Issue is still not resolved. Spyder goes into limp mode shortly after all adjustments and calibraition have been made. The tech has been on the phone every day with BPR and notihing they do works. It's been down 3 weeks now and I'm getting pretty fustrated
I just want to
my Spyder!

Bryan
 

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the spyder's power steering is different than most automotive systems in that it uses a sensor and an electric motor (as opposed to a hydraulic pump). i know of at least one case where the power steering did actually turn the wheels. if i remember correctly, when the key was turned on, the wheels would automatically turn to the right and it it took a lot of effort to bring them straight ahead. my guess is that the steering angle sensor is misaligned (or bad) and thinks the rider is trying to turn.
i'm not used to quoting myself but this has turned into a "coconut telegraph." i am only aware of a power steering problem that happened at a dealership - i was not there and did not witness it myself. i only brought it up because i too had thought that the power steering could not activate without rider input.
 

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When you start you bike or even a car you will feel a jolt especially if you wheel is turned and not straight. The wheel may even move slightly, this is normal as the power steering is turned on and run through selfcheck when u start your bike or a car. The only way I could see the power steering turning the handel bars to one side on it's own is if the front wheels were jacked off the ground. I haven't tried it yet but I'm sure it possible as the steering system would over correct if you started the bike with whe wheels slightly turned and off the ground. Or even if you moved the handle bars slightly with the front jacked up. I would not be worried as the system is designed to have the load of the bike on it. Basically momentum of the wheel turning with no load would trick the steering system in to thinking you were actually trying to turn the bars because of the lack of weight. If you take the load away the system may act strange but it wasn't designed for that so no cause for alarm.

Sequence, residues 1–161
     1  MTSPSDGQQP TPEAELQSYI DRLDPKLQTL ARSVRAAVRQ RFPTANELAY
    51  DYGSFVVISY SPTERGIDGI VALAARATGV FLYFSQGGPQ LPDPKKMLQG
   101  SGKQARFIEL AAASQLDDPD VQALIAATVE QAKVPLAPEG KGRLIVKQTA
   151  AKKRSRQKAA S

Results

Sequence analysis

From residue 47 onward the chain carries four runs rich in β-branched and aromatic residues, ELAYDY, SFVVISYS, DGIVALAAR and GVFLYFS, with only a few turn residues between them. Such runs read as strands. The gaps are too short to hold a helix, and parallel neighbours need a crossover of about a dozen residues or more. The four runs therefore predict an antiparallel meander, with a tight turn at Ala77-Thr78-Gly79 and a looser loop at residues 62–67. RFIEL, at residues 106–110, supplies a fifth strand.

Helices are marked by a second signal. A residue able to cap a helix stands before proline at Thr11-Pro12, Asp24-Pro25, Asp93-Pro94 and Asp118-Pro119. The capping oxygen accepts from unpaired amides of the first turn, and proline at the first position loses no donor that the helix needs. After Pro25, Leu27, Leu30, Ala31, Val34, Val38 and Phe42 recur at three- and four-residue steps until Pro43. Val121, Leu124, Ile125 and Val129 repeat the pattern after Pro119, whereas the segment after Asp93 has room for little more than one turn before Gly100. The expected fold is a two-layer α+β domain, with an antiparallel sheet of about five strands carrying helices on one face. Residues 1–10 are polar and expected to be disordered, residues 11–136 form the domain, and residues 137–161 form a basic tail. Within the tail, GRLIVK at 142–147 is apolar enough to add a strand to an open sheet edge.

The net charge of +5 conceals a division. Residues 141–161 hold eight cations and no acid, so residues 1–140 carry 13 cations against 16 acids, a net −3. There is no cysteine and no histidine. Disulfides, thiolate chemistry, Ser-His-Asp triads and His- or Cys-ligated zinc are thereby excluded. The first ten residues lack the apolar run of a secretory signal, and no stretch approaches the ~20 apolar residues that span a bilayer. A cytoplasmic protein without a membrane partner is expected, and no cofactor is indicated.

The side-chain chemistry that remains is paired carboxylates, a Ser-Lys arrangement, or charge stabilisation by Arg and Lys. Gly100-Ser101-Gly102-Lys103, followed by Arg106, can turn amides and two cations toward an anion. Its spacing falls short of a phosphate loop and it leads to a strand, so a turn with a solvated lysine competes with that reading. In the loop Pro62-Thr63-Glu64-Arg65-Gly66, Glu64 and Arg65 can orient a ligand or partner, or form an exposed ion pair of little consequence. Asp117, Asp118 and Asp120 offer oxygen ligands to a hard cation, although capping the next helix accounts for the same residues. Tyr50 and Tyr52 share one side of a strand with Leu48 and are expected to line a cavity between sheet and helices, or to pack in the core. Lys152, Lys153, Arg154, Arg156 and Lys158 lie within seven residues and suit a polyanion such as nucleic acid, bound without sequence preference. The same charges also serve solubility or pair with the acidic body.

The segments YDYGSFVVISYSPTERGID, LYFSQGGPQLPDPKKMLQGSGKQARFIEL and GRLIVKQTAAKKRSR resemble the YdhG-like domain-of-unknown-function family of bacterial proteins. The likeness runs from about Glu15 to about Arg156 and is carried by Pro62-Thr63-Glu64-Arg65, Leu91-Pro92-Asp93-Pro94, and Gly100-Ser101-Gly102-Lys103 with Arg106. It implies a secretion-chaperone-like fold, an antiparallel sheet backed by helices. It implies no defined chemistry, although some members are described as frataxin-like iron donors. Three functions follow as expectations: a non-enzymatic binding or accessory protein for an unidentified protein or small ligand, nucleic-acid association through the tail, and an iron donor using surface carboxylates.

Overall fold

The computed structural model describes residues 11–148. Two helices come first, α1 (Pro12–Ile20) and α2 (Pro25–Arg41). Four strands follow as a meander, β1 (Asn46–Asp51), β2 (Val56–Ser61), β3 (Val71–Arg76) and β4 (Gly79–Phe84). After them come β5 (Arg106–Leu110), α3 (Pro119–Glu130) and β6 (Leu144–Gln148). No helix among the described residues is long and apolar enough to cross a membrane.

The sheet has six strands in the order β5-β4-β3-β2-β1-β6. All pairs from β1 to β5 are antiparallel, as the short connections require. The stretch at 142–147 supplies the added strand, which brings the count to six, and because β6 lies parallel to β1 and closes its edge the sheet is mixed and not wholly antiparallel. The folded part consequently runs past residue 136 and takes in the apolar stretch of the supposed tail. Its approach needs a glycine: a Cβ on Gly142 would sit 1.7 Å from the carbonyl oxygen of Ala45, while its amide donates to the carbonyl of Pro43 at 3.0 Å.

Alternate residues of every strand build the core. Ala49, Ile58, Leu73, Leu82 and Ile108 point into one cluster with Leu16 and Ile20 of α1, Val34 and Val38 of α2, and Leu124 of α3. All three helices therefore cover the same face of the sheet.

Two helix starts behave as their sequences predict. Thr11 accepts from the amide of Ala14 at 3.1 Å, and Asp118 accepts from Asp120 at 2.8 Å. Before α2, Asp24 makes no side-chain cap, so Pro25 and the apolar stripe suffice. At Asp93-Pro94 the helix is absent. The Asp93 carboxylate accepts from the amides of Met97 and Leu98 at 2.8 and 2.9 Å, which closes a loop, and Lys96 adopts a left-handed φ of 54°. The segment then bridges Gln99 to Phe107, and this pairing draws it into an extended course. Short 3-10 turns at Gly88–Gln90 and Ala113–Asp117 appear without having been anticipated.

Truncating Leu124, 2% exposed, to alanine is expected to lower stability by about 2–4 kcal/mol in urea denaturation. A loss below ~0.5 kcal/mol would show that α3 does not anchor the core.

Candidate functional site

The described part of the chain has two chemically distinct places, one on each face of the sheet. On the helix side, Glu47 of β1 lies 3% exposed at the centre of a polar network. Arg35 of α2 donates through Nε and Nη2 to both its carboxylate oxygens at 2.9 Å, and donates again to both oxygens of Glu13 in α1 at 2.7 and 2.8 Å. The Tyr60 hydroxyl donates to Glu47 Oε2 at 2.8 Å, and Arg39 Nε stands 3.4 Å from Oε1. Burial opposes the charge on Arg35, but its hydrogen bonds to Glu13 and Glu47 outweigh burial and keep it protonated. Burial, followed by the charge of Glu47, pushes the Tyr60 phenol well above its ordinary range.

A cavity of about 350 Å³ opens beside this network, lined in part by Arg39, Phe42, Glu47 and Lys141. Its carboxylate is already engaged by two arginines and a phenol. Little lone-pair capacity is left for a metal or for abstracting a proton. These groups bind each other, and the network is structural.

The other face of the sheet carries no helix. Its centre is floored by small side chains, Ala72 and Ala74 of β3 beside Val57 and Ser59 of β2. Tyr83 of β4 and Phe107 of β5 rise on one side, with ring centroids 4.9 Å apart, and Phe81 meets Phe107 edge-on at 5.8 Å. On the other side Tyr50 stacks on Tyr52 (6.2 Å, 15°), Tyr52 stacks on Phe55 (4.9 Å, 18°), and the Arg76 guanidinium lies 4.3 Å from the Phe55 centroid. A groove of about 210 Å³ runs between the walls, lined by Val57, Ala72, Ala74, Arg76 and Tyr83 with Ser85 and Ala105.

i'm not used to quoting myself but this has turned into a "coconut telegraph." i am only aware of a power steering problem that happened at a dealership - i was not there and did not witness it myself. i only brought it up because i too had thought that the power steering could not activate without rider input.
 

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Discussion Starter · #37 ·
This is onelaplouie's wife....I was on the back of the bike that day and I will tell you that the bike SWERVED ON ITS OWN...I thought my husband was checking the steering, to find out he wasn't. THIS IS A SERIOUS PROBLEM, and someone is going to end up in on coming traffic. I'm not bashing Can-Am by any means...I have a new 2009 Can-Am ATV on order and I like Can-Am, but we just couldn't ignore this issue. Jerseyboy just posted in Syder Discussion about this steering issue, and he did end up in the other lane, luckily there was no other traffic.